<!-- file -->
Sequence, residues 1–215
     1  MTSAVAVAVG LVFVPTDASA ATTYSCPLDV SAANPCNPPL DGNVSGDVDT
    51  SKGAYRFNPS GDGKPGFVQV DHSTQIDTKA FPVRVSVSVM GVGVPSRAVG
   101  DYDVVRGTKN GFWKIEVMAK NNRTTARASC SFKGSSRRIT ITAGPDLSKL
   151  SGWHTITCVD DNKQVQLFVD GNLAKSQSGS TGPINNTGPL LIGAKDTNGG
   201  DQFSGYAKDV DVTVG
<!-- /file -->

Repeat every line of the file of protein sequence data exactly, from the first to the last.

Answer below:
Sequence, residues 1–215
     1  MTSAVAVAVG LVFVPTDASA ATTYSCPLDV SAANPCNPPL DGNVSGDVDT
    51  SKGAYRFNPS GDGKPGFVQV DHSTQIDTKA FPVRVSVSVM GVGVPSRAVG
   101  DYDVVRGTKN GFWKIEVMAK NNRTTARASC SFKGSSRRIT ITAGPDLSKL
   151  SGWHTITCVD DNKQVQLFVD GNLAKSQSGS TGPINNTGPL LIGAKDTNGG
   201  DQFSGYAKDV DVTVG